• Vol. 10
  • Chapter 02

Untitled (One Christmas in the eighties)

One Christmas in the eighties
         when the house was clad in winking plastic
she gave him a Rubik’s cube™
         and lo! a tradition grew from a stub of desperation
at what to buy a man who says
         he has everything he needs.

It was a pleasing object in his palms
         delivering frustration just the right side
of motivational. Sometimes
         he would succeed in assembling a uniform face
as she boiled sprouts and basted
         the turkey and swore at the cats circling her feet.

In the garden the frog pond (an old baby
         bath) froze over and each year was harder
to crack. The one called Magic was
         all surface: three interlocking rings fragmented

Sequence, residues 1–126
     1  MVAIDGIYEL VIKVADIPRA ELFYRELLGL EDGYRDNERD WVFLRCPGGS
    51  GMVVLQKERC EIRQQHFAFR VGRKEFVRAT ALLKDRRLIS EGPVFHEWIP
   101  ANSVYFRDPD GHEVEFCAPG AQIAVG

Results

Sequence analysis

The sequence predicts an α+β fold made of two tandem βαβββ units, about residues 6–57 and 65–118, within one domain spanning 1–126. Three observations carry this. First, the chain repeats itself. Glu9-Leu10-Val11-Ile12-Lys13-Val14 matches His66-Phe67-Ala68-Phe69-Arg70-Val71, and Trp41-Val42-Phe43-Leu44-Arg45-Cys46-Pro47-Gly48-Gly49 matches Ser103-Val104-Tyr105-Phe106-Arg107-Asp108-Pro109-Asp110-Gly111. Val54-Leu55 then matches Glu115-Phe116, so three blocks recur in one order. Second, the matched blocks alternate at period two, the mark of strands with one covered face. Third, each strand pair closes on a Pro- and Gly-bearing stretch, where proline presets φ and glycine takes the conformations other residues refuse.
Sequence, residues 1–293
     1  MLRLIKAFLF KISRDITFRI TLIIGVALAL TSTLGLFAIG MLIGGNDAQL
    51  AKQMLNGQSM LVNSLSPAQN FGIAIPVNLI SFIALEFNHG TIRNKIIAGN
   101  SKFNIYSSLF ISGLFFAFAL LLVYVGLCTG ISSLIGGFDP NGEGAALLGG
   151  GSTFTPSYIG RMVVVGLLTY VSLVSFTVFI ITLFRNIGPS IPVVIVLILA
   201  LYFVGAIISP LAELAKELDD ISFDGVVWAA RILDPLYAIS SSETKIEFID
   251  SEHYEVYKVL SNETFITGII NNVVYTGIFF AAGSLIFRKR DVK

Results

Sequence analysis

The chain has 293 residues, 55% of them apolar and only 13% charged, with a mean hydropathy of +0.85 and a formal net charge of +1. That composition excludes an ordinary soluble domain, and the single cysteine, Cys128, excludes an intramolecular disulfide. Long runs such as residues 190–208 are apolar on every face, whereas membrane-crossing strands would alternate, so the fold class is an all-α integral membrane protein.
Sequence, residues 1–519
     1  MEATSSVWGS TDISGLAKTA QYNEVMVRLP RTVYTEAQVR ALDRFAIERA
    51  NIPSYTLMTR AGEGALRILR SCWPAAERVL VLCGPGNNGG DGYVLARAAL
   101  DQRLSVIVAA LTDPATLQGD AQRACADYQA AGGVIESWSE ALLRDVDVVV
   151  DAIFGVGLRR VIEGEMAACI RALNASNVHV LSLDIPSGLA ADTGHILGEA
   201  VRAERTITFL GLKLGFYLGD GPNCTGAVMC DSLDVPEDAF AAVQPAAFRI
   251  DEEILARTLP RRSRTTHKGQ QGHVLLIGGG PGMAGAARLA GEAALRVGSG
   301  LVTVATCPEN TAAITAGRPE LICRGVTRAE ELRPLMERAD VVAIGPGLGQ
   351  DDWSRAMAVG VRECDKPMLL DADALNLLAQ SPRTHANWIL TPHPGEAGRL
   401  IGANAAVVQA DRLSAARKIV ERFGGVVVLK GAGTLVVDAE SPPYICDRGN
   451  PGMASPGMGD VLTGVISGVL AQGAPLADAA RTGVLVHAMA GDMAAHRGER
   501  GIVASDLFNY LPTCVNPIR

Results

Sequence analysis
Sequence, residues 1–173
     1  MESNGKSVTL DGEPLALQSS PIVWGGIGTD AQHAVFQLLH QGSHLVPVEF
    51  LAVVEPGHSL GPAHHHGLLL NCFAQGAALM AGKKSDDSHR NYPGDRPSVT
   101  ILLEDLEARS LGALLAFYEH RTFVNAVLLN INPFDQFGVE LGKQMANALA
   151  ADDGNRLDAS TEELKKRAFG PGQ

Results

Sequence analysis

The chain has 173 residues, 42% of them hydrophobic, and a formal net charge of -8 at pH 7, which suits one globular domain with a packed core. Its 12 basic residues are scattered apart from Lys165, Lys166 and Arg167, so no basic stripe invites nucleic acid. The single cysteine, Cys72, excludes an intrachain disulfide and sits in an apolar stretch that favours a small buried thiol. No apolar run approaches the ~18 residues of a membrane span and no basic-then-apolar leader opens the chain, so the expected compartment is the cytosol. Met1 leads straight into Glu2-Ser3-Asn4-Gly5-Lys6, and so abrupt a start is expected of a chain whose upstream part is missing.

in his hands, pieces closed and opened
         with a satisfying clack.

The windows fogged. The cats went
         in and out the catflap, transporting devastating gifts
feathered, losing heat. His hands
         grew stiff. The last puzzle was a pyramid, harder
to hold onto, some ancient truth
         spinning in its angles, narrowed to a point.

I never saw a puzzle all complete.
        He’d put each one aside to find her, help her carry


Untitled (One Christmas in the eighties)

steaming dishes, carve the bird.
         Skin and bones remained until we burned those too.
I reach for his memory like a wishbone
         that curls and buckles like tinsel in a flame.